As if in compensation, Red-spotted Purple butterflies are suddenly back in my yard. This one was sipping the moist bed in my vegetable garden that I had enriched with compost and deeply watered before I planted it with spinach, lettuce, baby kale, and beet seeds. As of yesterday, germination was evident for all varieties. I see much transplanting and watering of small seedlings in my future.
I am gambling big time with direct-sowing these veggies, but I had the seed, I’m craving good spinach and lettuce, so I planted. A possible hurricane may get close enough next week to make temperatures soar, but odds are we won’t get any rain out of it. I’ll be lucky to keep the seedlings and the broccoli transplants I’ve added alive until more autumnal temperatures arrive. And if the rains don’t come soon, lack of water may finish them off. But even the faint chance of sweet fall broccoli, savory spinach, crisp lettuce, and maybe even more sugary red beets was more than I could pass on. As any vegetable gardener knows, once you’ve grown — and eaten — your own, it’s very hard to go back to the grocery store.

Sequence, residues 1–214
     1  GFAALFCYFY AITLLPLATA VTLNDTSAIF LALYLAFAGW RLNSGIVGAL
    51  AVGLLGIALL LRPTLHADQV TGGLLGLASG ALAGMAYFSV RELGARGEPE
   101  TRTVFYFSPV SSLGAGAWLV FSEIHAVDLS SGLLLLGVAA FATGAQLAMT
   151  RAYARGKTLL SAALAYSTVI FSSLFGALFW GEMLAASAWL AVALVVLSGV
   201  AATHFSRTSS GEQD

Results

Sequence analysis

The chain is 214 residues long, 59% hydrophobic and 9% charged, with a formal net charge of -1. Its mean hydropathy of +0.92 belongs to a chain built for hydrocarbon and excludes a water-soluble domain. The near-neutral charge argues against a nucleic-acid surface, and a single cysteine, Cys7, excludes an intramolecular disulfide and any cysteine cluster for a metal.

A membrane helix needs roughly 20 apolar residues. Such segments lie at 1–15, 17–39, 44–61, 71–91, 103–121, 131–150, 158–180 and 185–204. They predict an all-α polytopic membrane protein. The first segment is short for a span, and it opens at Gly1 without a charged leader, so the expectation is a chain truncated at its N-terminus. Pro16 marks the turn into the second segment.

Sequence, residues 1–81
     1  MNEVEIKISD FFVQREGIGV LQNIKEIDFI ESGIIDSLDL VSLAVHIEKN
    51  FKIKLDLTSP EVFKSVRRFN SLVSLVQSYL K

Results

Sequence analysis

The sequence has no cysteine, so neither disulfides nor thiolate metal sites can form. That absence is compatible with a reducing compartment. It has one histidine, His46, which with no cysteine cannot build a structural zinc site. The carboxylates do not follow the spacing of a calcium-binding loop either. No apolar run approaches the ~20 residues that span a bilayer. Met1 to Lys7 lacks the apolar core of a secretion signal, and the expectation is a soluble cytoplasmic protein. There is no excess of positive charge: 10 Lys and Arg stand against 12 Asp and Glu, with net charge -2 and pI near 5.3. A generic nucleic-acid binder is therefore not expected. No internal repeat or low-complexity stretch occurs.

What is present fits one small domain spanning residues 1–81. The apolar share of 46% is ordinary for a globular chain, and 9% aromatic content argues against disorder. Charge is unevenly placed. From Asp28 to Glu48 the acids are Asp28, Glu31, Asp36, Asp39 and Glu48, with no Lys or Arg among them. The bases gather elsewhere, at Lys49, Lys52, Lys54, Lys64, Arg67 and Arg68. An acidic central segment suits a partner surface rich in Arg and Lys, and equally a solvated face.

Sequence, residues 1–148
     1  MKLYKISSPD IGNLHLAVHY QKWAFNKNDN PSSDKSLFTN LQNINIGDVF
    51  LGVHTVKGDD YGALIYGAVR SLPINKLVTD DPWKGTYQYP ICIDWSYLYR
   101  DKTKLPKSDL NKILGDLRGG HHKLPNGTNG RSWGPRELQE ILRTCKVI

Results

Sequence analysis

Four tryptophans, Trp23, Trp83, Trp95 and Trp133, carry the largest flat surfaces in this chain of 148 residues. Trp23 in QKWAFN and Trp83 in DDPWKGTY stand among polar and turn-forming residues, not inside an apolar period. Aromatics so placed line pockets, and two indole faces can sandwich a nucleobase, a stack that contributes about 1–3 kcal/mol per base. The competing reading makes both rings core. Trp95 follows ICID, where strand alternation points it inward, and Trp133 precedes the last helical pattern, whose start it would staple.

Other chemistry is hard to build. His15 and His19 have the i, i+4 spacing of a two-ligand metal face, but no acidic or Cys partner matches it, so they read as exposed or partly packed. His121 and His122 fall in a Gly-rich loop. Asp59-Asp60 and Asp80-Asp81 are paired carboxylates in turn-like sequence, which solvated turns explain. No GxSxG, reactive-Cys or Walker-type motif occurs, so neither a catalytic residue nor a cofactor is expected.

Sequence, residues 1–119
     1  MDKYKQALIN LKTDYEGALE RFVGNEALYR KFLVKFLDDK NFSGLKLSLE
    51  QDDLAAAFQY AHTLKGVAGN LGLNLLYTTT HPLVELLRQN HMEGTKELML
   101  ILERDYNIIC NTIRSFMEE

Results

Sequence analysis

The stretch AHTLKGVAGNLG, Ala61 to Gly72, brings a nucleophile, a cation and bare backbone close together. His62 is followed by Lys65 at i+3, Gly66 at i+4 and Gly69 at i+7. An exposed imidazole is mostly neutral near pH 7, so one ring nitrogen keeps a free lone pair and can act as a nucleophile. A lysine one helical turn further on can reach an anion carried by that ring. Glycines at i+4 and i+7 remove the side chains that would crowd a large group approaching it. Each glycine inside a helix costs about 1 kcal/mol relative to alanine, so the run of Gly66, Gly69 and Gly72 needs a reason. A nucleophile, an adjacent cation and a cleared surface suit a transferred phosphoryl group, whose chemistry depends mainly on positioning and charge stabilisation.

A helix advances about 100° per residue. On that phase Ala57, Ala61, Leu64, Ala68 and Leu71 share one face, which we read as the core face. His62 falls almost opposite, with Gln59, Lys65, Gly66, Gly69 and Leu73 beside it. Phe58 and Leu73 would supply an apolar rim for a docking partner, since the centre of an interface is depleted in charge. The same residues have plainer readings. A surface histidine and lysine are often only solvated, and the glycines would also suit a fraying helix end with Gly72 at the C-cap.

Another sign of summer’s waning is the appearance of increasing numbers of soldier beetles. They are mobbing my flowers almost more than the bees.
Sky dragons sporting an array of colors and patterns patrol the skies from dawn till well past sunset. Given their numbers this year, it’s a miracle I’ve seen any butterflies flitting about at all.